According to journalist David Lindorff, the FBI planned to assassinate the leaders of the now moribund Occupy movement “via suppressed sniper rifles.”
Lindorff cites a Freedom of Information Act (FOIA) request filed by the Washington, DC-based Partnership for Civil Justice Fund.
The redacted document obtained from the FBI in Houston states:
An identified [DELETED] as of October planned to engage in sniper attacks against protestors (sic) in Houston, Texas if deemed necessary. An identified [DELETED] had received intelligence that indicated the protesters in New York and Seattle planned similar protests in Houston, Dallas, San Antonio and Austin, Texas. [DELETED] planned to gather intelligence against the leaders of the protest groups and obtain photographs, then formulate a plan to kill the leadership via suppressed sniper rifles.
The FBI confirmed that the document is legitimate.
For the astute student of history – real history, not the massaged version proffered by the ruling elite – news of an FBI plot to murder political activists does not come as a surprise.
Recent history provides numerous examples, most notably during the 1960s and 1970s when the FBI’s COINTELPRO was in full swing.
“When congressional investigations, political trials, and other traditional legal modes of repression failed to counter the growing movements, and even helped to fuel them, the FBI and police moved outside the law,” writes Brian Glick in his book, War at Home. “They resorted to the secret and systematic use of fraud and force to sabotage constitutionally protected political activity. Their methods ranged far beyond surveillance, amounting to a home front version of the covert action for which the CIA has become infamous throughout the world.”
In addition to psychological warfare and dirty tricks, the government engaged in extralegal force and violence. “The FBI and police threatened, instigated, and themselves conducted break-ins, vandalism, assaults, and beatings,” Glick writes. “The object was to frighten dissidents and disrupt their movements. In the case of radical Black and Puerto Rican activists (and later Native Americans), these attacks-including political assassinations-were so extensive, vicious, and calculated that they can accurately be termed a form of official ‘terrorism.’”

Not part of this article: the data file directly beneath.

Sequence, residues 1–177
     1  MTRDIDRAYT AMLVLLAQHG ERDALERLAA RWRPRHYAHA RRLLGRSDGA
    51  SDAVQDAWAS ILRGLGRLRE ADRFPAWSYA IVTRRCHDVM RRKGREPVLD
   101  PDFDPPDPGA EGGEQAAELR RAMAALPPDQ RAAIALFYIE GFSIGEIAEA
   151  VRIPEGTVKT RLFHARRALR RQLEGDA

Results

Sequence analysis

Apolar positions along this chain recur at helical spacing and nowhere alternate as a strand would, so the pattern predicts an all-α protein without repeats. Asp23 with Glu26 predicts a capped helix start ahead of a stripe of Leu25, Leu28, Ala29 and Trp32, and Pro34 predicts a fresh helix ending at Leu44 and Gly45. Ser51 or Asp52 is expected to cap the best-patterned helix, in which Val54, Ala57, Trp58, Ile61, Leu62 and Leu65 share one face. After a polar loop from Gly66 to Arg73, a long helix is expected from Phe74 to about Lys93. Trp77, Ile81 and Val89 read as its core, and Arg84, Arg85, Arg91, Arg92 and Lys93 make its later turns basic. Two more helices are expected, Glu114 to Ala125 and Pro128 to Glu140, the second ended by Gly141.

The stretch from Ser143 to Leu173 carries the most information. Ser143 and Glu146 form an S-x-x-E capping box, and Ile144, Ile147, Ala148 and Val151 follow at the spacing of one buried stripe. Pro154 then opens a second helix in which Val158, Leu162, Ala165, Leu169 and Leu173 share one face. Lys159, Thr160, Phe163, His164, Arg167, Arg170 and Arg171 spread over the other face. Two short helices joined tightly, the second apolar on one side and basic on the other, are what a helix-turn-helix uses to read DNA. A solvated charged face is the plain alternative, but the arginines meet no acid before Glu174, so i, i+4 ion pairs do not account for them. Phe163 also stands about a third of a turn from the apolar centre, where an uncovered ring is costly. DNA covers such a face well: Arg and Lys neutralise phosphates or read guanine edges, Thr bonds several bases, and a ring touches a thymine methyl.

“The FBI’s techniques were often extreme, with the agency being complicit in the murder and assassination of political dissidents, or having people sent away to prison for life,” adds Tom McNamara.
COINTELPRO terrorism “enabled the FBI and police to eliminate the leaders of mass movements without undermining the image of the United States as a democracy, complete with free speech and the rule of law,” Glick continues. “Charismatic orators and dynamic organizers were covertly attacked and “neutralized” before their skills could be transferred to others and stable structures established to carry on their work. Malcolm X was killed in a ‘factional dispute’ which the FBI took credit for having ‘developed’ in the Nation of Islam. Martin Luther King, Jr. was the target of an elaborate FBI plot to drive him to suicide and replace him ‘in his role of the leadership of the Negro people’ with conservative Black lawyer Samuel Pierce (later named to Reagan’s cabinet). Many have come to view King’s eventual assassination (and Malcolm’s as well) as itself a domestic covert operation.”
According to the official narrative, COINTELPRO was terminated in 1971, but this is obviously not the case (see my The Son Of COINTELPRO from 2002).
In regard to the Occupy Wall Street (OWS) movement, the Partnership for Civil Justice Fund (PCJF) FOIA documents reveal the program is alive and well. The “FBI was treating the Occupy Wall Street (OWS) movement, from its inception, as a potential criminal and domestic terrorist threat,” writes McNamara. The close collaboration between the Department of Homeland Security and officials in 40 different cities – first disclosed by Oakland mayor Jean Quan – in the determined (and ultimately successful) effort to destroy the largely peaceful movement demonstrates how serious the federal government is about deflecting any challenge to its monopoly on political power.
The assassination of Martin Luther King, Malcolm X, Fred Hampton, and other activists and political figures considered threats to the status quo demonstrate the viability of murder as a political tool for the elite. As Brian Glick notes, the CIA has used assassination abroad for decades and its importation into the United States simply reveals how serious they are to control any effective political opposition, especially when activism has the potential to effectuate political change or, as in the case of OWS, result in a political awakening of millions of people.